Cargo traffic is facing disruptions

Photo: MostPhotos

Russia's war of aggression against Ukraine is first of all a great human tragedy. In addition to human suffering, the war is also affecting the economy, not least transport and logistics throughout Europe. The container ships have stopped calling at Russian ports. Fuel prices are skyrocketing and truck drivers from Eastern Europe are being recalled for military service.

"The Swedish forest-based industry exports products all over the world and is dependent on functioning transport. So, it is not only a matter of stopped deliveries to and from Russia and Ukraine, but of all transports that depend on personnel from these countries, or from other places in Eastern Europe. Depending on future developments, the personnel question alone could affect the supply chain and the competitiveness of the forest-based industry," says Karolina Boholm, Transport Director at the Swedish Forest Industries.

Lack of transport capacity

Representatives from the Swedish forest-based industry are concerned about the shortage of trucks and truck drivers. Even before the war in Ukraine began, the lack of transport capacity has been a fact, which the industry attributes in part to the Mobility Package currently being implemented by EU Member States.

"We are in a troubling situation, where a number of interacting factors are limiting transport capacity throughout Europe. The EU Mobility Package has contributed to a shortage of truck drivers, which the war in Ukraine is now exacerbating. The war is primarily a great human tragedy, but there will also be great economic damage, says Magnus Svensson," President for Sourcing and Logistics at the Swedish Cellulose Company (SCA).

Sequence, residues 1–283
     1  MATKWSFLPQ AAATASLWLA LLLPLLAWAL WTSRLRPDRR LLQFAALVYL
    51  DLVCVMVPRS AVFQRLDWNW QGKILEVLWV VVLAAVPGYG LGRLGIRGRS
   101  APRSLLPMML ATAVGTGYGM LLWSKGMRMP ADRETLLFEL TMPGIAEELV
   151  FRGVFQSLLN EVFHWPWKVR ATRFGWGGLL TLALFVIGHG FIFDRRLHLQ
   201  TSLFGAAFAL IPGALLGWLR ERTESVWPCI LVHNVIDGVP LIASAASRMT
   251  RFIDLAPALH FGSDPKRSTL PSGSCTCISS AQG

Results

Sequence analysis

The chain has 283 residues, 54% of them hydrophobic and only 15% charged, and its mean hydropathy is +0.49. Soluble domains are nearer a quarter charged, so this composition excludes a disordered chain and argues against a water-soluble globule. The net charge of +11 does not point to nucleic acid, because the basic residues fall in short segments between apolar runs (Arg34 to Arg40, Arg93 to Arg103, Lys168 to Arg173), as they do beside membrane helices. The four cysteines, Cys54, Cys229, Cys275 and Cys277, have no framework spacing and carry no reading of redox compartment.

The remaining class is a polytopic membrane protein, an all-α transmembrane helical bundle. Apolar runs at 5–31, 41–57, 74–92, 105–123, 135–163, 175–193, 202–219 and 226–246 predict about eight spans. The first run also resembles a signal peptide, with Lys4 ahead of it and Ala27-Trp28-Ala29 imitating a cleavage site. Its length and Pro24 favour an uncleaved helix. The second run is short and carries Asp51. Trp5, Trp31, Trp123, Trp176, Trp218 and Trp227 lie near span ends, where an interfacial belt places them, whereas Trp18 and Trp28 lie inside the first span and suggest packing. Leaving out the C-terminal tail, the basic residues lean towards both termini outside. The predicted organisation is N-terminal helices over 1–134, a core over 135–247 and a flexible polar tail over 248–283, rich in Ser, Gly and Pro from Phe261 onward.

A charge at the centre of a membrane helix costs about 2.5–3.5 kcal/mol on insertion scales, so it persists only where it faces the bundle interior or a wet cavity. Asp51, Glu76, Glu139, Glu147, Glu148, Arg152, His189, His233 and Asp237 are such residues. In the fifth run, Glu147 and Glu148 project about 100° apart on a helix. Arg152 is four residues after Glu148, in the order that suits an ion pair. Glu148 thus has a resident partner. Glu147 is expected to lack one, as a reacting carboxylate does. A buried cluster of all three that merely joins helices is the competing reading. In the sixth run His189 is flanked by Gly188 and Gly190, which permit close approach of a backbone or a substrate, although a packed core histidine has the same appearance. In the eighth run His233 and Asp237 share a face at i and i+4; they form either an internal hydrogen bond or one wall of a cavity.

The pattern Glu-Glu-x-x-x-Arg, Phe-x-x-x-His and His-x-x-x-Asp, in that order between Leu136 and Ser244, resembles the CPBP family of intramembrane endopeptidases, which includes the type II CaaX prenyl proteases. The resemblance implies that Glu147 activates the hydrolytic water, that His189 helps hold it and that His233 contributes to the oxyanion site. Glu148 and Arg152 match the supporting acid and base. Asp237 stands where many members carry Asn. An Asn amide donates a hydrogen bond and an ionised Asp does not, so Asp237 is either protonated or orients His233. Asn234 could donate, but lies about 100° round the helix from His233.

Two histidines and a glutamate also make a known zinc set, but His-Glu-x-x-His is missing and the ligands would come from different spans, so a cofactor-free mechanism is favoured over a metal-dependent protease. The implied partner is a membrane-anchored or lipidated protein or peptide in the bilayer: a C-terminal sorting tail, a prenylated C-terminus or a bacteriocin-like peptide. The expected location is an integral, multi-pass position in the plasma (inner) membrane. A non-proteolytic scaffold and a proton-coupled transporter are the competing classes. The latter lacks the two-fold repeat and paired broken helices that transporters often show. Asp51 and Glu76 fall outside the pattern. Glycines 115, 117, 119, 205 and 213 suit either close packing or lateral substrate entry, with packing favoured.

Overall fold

The purpose of the EU Mobility Directive is to reduce the risk of wage dumping and ensure a secure working environment for drivers, an issue which the Swedish government has pushed hard for within the EU.

"The Swedish Forest Industries support the aim of improving drivers' working conditions and enhancing regulation compliance in commercial traffic. But the Directive stipulates, among other things, that truck drivers must return home to their place of residence every four weeks, which can further reduce the availability of trucks, especially in prevailing circumstances when border crossings are more complicated, says Karolina Boholm.

What can decision makers do?

Since the outbreak of the war in Ukraine, the Swedish forest-based industry has kept an ongoing dialogue with politicians, government officials and other decision makers.

"We make sure to stress the need for functioning transport throughout the EU. It may be necessary to temporarily make exemptions from the Mobility Package, as has already been done due to the covid pandemic. Moreover, as we put tough sanctions against Russia, we must ensure that supply chains elsewhere keep functioning. These are some of the issues we will discuss with politicians and other decision makers in Sweden and in Brussels," says Karolina Boholm.